Number of women surviving from ovarian cancer is on the rise
More Australian women are surviving ovarian cancer, but still more than half of those diagnosed will not survive five years, says the latest national report on ovarian cancer released by the National Breast Cancer Centre (NBCC) and the Australian Institute of Health and Welfare (AIHW).
According to the report, Ovarian cancer in Australia: an overview, 2006, almost 1,500 new cases of ovarian cancer are projected to be diagnosed in Australia this year. There were 851 deaths due to ovarian cancer in 2004.
John Harding of the AIHW's Cancer Monitoring Unit said, 'Overall 42% of women diagnosed with ovarian cancer today can expect to be living five years after their diagnosis compared to 34% of women diagnosed in the period 1982-1986.
Dr Helen Zorbas, Director of the National Breast Cancer Centre, which incorporates the Ovarian Cancer Program, said, 'The most significant improvements in survival in the past ten years have occurred in women aged 40 to 69 years.'
Additionally, the report shows that, unlike some other cancers, ovarian cancer generally has a more favourable outlook for younger women, with 63 per cent of women aged 40 to 49 years now surviving five years after their diagnosis compared with 45 per cent in the period 1982-1986.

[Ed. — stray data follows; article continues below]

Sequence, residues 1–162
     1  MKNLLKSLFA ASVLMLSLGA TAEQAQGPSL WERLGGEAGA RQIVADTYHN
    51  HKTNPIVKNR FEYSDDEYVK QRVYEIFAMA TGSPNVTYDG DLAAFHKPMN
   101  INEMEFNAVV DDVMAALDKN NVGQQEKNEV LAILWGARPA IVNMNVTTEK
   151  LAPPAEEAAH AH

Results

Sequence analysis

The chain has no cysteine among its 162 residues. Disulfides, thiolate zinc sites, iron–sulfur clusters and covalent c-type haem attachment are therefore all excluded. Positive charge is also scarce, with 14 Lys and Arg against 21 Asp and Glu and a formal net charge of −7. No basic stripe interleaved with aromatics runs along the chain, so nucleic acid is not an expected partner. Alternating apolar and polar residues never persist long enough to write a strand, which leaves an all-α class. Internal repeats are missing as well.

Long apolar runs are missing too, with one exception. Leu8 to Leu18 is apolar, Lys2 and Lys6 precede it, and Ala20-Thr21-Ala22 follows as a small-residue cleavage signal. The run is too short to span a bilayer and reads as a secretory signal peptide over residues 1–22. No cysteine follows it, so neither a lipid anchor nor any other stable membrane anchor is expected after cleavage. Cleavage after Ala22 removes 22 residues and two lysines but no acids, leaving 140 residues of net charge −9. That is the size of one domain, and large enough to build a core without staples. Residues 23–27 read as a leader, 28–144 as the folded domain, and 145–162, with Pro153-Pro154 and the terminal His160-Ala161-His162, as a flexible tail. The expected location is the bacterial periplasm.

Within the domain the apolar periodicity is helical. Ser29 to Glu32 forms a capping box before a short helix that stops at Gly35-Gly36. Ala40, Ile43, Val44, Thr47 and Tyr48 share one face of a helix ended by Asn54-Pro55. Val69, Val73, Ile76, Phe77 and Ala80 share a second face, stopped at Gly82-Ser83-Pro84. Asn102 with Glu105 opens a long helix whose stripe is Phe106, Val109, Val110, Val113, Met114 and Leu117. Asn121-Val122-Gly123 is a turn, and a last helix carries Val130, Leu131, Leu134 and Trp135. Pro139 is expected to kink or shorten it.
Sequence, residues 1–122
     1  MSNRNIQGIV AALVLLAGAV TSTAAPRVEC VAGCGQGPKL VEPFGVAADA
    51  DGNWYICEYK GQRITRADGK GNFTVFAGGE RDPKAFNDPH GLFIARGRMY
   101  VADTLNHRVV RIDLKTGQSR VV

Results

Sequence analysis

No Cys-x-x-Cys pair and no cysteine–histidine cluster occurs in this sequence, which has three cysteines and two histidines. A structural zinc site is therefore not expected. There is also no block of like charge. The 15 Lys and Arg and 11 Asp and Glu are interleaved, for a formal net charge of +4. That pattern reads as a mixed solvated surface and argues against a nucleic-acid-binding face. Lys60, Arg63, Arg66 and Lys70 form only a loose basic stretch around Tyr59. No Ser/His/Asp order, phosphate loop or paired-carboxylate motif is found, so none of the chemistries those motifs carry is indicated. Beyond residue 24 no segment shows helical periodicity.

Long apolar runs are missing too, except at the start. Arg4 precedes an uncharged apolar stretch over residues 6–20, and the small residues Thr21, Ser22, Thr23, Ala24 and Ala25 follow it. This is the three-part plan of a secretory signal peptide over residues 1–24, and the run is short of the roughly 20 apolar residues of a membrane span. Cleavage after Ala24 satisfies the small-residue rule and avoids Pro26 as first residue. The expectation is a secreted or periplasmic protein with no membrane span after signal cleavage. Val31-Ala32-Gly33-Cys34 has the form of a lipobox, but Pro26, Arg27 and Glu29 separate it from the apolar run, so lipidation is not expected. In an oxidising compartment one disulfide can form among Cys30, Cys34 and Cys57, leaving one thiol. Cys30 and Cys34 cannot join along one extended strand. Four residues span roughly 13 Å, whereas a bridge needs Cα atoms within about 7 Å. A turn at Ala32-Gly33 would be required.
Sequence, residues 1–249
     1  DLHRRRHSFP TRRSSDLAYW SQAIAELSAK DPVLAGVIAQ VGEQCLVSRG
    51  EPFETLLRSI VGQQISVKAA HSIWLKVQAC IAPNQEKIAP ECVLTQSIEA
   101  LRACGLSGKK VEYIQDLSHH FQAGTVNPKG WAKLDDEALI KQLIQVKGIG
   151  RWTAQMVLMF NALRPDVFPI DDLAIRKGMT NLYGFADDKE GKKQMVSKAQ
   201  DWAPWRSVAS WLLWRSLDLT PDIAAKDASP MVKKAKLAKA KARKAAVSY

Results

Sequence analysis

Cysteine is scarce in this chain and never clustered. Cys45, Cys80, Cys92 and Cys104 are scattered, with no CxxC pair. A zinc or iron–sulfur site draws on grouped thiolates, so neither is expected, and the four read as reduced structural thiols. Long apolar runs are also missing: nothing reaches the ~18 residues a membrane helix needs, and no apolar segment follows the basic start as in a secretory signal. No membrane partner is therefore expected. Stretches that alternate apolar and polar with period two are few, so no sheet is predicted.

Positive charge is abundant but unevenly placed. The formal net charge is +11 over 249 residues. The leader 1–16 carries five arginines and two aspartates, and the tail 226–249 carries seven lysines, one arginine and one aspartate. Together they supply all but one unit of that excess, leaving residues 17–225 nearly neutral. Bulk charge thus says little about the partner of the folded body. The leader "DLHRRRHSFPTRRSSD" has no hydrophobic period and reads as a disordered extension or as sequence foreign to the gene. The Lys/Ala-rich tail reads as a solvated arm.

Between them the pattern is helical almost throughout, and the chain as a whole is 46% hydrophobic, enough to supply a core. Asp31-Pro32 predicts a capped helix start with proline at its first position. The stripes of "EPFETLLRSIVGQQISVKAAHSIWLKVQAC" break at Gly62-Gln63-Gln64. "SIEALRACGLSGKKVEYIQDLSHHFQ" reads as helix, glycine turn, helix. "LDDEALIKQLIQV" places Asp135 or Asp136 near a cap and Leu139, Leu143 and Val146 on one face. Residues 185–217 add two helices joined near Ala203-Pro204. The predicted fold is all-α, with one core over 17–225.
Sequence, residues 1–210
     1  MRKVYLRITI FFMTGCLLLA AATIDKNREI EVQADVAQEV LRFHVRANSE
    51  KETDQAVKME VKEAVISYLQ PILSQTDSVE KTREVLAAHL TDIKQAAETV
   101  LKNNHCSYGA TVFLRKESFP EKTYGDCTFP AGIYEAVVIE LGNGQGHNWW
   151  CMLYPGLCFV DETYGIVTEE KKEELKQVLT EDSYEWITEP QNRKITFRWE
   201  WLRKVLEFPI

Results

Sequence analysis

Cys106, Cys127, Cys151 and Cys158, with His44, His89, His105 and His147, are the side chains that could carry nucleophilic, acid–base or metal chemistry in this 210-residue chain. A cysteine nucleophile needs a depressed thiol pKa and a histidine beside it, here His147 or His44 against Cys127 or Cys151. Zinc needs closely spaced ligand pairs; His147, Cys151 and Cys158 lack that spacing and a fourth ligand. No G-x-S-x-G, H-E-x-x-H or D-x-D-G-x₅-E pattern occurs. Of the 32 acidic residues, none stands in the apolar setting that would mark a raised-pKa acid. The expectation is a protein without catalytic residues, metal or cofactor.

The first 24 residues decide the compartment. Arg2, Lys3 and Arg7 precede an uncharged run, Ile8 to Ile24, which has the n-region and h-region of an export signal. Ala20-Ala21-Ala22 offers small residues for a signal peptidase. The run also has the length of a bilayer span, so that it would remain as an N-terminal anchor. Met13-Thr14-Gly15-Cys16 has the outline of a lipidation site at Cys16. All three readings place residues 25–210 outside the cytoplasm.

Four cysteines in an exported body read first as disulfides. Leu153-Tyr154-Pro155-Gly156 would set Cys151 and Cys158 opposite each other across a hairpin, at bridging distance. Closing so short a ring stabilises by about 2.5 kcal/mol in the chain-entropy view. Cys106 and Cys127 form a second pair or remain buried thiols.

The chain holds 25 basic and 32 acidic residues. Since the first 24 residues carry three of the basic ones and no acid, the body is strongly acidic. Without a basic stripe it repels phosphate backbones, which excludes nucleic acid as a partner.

'The challenge remains that ovarian cancer is difficult to detect in its early stages because the symptoms are vague and common. For this reason, seven out of ten women with ovarian cancer will be diagnosed at an advanced stage when the cancer has spread and is difficult to treat,' Dr Helen Zorbas said.
'While research is ongoing, there is currently no screening test for ovarian cancer so it is important that women see their GP promptly about any unusual or persistent changes in their bodies.'
Symptoms that may be due to ovarian cancer include abdominal bloating, unexplained weight gain or weight loss, changes in bowel or bladder habits, abdominal or pelvic pain, unusual fatigue and indigestion.
The rate of incidence of ovarian cancer in each age group remained unchanged at 12 to 13 new cases per 100,000 women from 1983 to 2002, but ageing of the population increased the number of cases diagnosed from 862 in 1983 to 1,273 in 2002.
In contrast the death rate declined from 8.8 deaths per 100,000 people in 1983 to 7.5 per 100,000 in 2004, with a low of 7.1 per 100,000 in 2003.
Ovarian cancer incidence and mortality rates in Australia in 2002 were significantly lower than those experienced by women living in the United Kingdom, New Zealand, Canada and the United States of America.
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